It would never be good timing for a pandemic.
But with COVID-19 beginning its spread in the first months of the year, it could be especially unfortunate for patients with high deductibles who catch the virus, according to a new analysis from the Peterson-KFF Health System Tracker, a partnership between the Peterson Center on Healthcare and the Kaiser Family Foundation.
Most people have not accrued much health spending to satisfy their deductibles this early in the year.
And with the cost of hospital admissions for patients who develop pneumonia with major complications—one of the most serious potential problems caused by the novel coronavirus—topping $20,292 for insured individuals, COVID-19 could become pricey for patients.
The analysis used a sample from the IBM MarketScan Commercial Claims and Encounters Database, which includes claims from 18 million people enrolled in large employer plans in 2018. The overall costs for those with less serious complications or comorbidities could be near $14,000, and those with no complications could see costs of nearly $10,000 for inpatient expenses.
Patients with private coverage often face a deductible for hospital stays, and, across those individuals with and without deductibles, the typical deductible in employer-sponsored plans is about $1,400. For patients with hospital admissions for pneumonia without major complications, total out-of-pocket costs, including deductibles, copayments and coinsurance, are on average about $1,464.
"Medical costs are already a common concern in the U.S., particularly for people without insurance, those with high deductibles, and those in worse health," the authors said. "In the context of the COVID-19 pandemic, it is of even greater concern, as many people could be incurring high out-of-pocket costs, at a time when there is also risk of a recession."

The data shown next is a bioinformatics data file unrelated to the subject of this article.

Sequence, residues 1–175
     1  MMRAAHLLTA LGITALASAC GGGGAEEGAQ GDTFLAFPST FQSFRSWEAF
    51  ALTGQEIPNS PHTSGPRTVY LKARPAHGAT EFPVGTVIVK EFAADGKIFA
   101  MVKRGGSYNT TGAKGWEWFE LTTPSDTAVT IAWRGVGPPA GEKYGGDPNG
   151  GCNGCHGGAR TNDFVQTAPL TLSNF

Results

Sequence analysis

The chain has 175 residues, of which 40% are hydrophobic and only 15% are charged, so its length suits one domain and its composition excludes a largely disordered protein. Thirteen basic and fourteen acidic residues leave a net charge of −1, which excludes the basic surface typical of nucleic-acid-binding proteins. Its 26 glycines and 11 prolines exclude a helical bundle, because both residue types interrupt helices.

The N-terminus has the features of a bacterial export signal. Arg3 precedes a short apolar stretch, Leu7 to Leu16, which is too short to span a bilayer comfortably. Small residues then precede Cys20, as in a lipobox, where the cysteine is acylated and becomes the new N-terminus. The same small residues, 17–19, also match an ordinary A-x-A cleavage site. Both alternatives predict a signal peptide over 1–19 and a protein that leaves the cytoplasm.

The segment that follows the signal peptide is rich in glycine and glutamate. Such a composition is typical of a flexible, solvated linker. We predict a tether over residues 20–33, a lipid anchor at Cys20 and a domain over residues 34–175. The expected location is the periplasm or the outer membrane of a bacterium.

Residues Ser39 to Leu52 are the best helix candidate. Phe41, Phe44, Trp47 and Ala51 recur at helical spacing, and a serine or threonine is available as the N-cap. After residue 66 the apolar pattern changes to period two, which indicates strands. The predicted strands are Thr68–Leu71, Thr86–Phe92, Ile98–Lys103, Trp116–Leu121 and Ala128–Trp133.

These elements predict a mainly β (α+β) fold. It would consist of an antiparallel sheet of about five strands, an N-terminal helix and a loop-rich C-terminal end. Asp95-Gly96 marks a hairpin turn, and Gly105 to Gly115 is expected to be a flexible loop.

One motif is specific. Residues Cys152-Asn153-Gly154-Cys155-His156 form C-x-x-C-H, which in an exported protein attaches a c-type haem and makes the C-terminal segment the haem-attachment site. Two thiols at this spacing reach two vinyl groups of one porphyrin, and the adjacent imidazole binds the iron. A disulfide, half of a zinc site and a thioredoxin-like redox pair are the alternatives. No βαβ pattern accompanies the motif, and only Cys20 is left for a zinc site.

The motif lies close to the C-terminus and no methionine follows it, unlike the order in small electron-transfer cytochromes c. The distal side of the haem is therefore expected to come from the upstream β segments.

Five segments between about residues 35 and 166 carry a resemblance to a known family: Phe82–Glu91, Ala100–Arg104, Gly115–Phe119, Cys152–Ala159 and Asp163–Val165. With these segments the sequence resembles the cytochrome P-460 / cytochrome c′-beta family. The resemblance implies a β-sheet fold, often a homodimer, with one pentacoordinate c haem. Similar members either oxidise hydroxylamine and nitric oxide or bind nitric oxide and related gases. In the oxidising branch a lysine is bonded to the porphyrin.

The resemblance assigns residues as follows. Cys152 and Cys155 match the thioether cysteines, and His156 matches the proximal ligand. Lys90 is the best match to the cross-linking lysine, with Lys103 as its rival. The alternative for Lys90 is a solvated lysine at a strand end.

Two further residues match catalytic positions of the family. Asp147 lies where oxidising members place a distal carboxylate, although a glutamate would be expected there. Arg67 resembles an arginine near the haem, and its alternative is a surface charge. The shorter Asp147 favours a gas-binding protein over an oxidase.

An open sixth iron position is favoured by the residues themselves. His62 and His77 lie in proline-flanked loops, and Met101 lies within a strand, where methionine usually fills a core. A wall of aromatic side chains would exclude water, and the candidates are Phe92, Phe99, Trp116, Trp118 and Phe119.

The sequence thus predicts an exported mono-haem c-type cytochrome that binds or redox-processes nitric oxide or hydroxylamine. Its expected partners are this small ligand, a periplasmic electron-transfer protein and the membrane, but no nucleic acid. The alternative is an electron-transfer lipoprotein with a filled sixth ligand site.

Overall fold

Surprise billing is also more likely, the analysis found.
Nearly 1 in 5, or 18%, of patients who have in-network admissions for pneumonia with major complications or comorbidities face out-of-network charges. In comparison, 15% of patients admitted into an in-network facility for all other medical conditions received an out-of-network charge.
While insurers have committed to mitigating the costs associated with COVID-19 testing, they also scrambled to clarify they are not picking up the tab for treatment as President Donald Trump said during an address to the nation last week. America’s Health Insurance Plans, the industry’s leading lobbying group, pointed FierceHealthcare toward a meeting with insurer executives at the White House where Vice President Mike Pence said insurers would waive cost-sharing for coronavirus tests and expand coverage for treatment.
Currently, there is no antiviral or vaccine for the coronavirus that has spread throughout much of the U.S., but people can get treatment for the symptoms of the virus.